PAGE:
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Old 08-08-2012, 05:07 PM
 
Location: Texas
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This is what you call, "fancy testing" using lasers...
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Old 08-08-2012, 07:02 PM
 
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Not surprised at all that their study showed that we current humans (Sapiens) were mostly beef eaters before the advent of agriculture.
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Old 08-31-2012, 05:40 PM
 
Location: Texas
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Another thing is how an organism like a cray fish (or whatever), can have zero change in its genetic structure. It could be that certain ocean critters are in the same static conditions, whereas ancient peoples gradually learn to make things better, learn to use fire, learn agriculture, and so forth. The last one might have been a huge boost.
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Old 09-01-2012, 11:12 AM
 
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Australopithecus while mainly plant consuming none the less started to consume small amounts of beef (scavaged carcasses) which ''probably'' gave them the nutrients (fat solubles A,D,E,K) that allowed successive species of the human brain to expand in size over the coming hundreds of thousands of years starting with Homo Habilis some 2.3 million years ago.
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Old 09-02-2012, 05:04 PM
 
Location: Texas
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Hominid skull hints at later brain evolution
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Old 09-02-2012, 05:58 PM
 
Location: Texas
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More on the Denisovans
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Old 09-03-2012, 08:49 AM
 
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Quote:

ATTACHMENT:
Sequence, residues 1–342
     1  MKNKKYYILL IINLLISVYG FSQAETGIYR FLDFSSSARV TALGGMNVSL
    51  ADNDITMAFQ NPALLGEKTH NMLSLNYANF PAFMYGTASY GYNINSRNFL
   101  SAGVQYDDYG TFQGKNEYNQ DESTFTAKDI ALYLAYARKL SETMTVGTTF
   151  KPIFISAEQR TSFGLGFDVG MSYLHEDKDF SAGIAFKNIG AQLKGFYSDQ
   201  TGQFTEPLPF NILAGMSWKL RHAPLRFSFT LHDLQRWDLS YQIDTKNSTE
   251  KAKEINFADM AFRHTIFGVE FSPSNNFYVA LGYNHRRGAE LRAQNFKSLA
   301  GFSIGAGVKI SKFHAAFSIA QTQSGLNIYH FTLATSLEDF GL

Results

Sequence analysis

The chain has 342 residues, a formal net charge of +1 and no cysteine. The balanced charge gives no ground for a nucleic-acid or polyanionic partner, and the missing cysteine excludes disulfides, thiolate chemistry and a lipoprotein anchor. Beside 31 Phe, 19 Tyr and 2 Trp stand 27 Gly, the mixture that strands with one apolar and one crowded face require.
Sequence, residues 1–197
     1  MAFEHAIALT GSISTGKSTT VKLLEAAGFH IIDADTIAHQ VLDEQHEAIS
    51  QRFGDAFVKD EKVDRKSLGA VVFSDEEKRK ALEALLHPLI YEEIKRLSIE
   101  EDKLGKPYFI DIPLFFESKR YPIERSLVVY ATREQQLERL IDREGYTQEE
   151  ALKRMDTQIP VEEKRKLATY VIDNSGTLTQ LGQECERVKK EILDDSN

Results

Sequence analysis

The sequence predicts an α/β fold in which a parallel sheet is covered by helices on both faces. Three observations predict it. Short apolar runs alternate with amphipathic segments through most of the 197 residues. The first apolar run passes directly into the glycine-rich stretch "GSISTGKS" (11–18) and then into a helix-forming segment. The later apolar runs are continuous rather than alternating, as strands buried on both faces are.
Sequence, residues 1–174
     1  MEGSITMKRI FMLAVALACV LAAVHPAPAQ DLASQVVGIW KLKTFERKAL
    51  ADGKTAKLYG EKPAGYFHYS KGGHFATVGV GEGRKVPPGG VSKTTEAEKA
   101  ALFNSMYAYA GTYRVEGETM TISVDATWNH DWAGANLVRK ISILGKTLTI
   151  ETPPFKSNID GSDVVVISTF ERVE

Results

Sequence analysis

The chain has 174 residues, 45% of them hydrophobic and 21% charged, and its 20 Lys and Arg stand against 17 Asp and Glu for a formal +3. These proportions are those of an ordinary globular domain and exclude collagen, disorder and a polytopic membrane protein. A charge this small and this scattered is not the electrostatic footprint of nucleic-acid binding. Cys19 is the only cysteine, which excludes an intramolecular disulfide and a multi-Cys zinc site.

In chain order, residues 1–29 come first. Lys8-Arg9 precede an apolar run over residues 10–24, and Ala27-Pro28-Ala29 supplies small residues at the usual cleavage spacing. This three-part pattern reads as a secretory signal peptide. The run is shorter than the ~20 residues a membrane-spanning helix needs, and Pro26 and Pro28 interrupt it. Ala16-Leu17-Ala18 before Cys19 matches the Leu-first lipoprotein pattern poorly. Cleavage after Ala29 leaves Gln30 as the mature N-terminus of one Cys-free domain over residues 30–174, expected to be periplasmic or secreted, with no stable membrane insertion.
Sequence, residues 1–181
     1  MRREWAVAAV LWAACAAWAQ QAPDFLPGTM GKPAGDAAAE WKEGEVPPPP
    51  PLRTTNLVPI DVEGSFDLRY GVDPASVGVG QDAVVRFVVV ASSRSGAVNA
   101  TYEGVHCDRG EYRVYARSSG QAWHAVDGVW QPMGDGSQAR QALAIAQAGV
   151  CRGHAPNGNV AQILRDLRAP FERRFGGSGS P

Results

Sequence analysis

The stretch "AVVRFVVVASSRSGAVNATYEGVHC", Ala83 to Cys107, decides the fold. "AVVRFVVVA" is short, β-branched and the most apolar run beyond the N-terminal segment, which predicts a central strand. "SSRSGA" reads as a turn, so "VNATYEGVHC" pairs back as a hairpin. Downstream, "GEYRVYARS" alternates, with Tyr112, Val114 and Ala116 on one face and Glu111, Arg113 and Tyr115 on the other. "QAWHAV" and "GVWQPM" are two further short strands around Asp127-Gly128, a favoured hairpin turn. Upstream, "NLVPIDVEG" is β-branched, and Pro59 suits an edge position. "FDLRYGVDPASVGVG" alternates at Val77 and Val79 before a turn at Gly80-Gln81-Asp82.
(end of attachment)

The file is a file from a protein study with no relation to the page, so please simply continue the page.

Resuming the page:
Originally Posted by Brian.Pearson View Post
There's another hominid who lived around the same time as Astralopithecus known as Keyenthropus or Flat Face Man who's brain was around 700 cc compared to 400 cc for Australopithecus which has spawned debate amongst paleoanthropologists about which one these two that we might have evolved from. It used to be that anthropologists thought that an enlargening of the brain was what started the switch to becoming human however others believe it was first becoming bi-pedal that allowed us to use our hands to begin knapping for crude flint weapons and for cutting meat which started the expansion of the cranium over several million years.
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Old 09-03-2012, 08:51 AM
 
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Originally Posted by Brian.Pearson View Post
I read this elsewhere the other day and was surprised that you hadn't started a thread about it as it's some cool stuff .
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Old 09-03-2012, 07:42 PM
 
Location: Texas
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Quote:
Originally Posted by 6 Foot 3 View Post
There's another hominid who lived around the same time as Astralopithecus known as Keyenthropus or Flat Face Man who's brain was around 700 cc compared to 400 cc for Australopithecus which has spawned debate amongst paleoanthropologists about which one these two that we might have evolved from. It used to be that anthropologists thought that an enlargening of the brain was what started the switch to becoming human however others believe it was first becoming bi-pedal that allowed us to use our hands to begin knapping for crude flint weapons and for cutting meat which started the expansion of the cranium over several million years.
I didn't remember seeing the Keyenthropus at all. But I just happened to come across a number of various types of hominids in one spot.
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Old 09-04-2012, 10:55 AM
 
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You may find the extinct human species Homo Heidelbergensis interesting as they were supposedly the ''giant'' species of humans as the males averaged well over 6 feet in height upwards to 7 feet tall and their brain size averaged between 1100 cc to 1400 cc (homo sapiens 1400 cc). However that being said it's hard to know much about them as they lived from around 700,000 years ago to around 400,000 years ago located primarily in Europe (before Neanderthals). I'm perplexed about how a physically powerful and intelligent species of humans went extinct after surviving for some estimated 300,000 years?
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